Diabetes

Diabetes (information)

 

There are two types of diabetes, type 1 which is congenital and type 2 or late onset diabetes, which occurs later in life.

With type 2 which 90 % of adults suffer with. The pancreas doesn’t make enough insulin. Which is the chemical key to transporting glucose into cells. Without this blood sugar levels can be too high. Causing potentially damage to blood veins, heat attacks, strokes, circulation problems, leading to amputation and eyesight problems and even coma and death.

Diabetes type 2 is regarded as an increasing epidemic in affluent western countries and costs the NHS much resources and money.

In most cases it can be treated and managed successfully with drugs, exercise, and changes in diet. Although much research has gone into trying to find a cure of diet and exercise without drugs. As of yet medicine is still needed in most cases. Although avoiding sugary foods is vital. One study advocated “coconut” the author finds this hopeful but not a substitute for eg metformin, just yet.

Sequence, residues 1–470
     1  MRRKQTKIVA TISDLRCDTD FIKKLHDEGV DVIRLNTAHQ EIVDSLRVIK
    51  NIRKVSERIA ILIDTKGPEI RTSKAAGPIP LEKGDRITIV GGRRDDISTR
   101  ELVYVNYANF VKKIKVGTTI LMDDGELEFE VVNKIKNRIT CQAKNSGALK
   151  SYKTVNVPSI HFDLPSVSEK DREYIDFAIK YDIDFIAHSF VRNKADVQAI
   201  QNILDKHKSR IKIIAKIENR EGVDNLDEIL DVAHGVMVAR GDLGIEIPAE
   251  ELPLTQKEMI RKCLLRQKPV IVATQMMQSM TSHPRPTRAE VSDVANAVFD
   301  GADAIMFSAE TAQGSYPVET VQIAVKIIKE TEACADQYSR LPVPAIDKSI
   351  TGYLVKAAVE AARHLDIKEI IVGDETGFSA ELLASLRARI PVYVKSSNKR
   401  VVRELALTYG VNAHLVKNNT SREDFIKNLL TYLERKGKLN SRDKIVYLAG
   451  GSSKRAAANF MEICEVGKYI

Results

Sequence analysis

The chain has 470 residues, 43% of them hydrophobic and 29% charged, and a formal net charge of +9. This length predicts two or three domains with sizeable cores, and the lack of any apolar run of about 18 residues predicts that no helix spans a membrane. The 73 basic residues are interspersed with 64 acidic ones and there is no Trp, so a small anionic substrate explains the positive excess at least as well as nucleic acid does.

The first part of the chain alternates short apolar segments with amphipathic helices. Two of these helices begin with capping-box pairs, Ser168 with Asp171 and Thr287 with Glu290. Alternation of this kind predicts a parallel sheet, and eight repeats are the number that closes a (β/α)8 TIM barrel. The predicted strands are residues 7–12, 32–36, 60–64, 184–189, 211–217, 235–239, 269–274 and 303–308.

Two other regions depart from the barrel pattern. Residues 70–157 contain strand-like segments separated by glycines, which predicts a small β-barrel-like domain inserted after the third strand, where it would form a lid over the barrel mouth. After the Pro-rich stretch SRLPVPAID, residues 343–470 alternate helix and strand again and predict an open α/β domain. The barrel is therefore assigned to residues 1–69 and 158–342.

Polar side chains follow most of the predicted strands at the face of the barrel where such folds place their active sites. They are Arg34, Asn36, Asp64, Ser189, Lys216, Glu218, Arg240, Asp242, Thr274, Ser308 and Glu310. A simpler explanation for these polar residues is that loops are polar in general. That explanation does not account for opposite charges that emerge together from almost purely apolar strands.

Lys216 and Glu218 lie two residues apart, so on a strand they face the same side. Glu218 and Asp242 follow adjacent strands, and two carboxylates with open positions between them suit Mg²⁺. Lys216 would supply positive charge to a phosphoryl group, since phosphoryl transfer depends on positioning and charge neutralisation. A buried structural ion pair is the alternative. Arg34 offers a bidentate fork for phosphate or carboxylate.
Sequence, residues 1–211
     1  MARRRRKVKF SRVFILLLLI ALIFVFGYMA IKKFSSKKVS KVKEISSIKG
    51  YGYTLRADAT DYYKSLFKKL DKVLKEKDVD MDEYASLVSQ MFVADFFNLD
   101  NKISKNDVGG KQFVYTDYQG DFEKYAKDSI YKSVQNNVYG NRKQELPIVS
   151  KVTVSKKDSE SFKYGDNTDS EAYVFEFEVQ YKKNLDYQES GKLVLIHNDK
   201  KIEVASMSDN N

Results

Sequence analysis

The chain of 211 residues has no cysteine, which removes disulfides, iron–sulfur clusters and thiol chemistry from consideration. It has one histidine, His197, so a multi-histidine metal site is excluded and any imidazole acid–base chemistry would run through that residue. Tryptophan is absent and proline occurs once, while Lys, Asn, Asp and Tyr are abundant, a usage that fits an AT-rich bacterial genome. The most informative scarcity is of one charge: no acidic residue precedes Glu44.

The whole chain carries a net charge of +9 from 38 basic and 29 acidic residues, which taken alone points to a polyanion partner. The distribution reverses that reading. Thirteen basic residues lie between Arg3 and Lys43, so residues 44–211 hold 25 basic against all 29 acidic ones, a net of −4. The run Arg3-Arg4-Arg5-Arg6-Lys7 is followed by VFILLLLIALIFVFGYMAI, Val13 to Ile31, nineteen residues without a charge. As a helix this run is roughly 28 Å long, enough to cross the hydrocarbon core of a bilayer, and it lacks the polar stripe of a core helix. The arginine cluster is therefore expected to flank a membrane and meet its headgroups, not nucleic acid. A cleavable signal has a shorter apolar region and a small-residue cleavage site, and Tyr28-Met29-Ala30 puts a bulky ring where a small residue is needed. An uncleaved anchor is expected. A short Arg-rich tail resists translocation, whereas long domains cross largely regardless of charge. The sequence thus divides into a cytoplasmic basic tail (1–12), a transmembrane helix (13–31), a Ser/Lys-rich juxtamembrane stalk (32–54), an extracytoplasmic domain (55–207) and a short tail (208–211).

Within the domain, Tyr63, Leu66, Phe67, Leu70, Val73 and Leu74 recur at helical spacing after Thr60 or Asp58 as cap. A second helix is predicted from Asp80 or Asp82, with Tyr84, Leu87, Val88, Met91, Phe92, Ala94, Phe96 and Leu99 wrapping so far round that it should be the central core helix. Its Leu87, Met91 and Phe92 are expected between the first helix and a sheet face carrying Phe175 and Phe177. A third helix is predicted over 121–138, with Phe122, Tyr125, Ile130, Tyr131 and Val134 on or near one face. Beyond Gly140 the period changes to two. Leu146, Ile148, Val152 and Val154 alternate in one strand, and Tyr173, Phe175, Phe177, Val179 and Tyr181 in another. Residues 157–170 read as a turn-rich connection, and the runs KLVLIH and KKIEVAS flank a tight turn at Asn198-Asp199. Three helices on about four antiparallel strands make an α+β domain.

It is estimated 5% of UK are currently diagnosed with diabetes, with many more unaware of having the condition.

insulin producing cells in rat pancreas      natural or synthetic insulin drug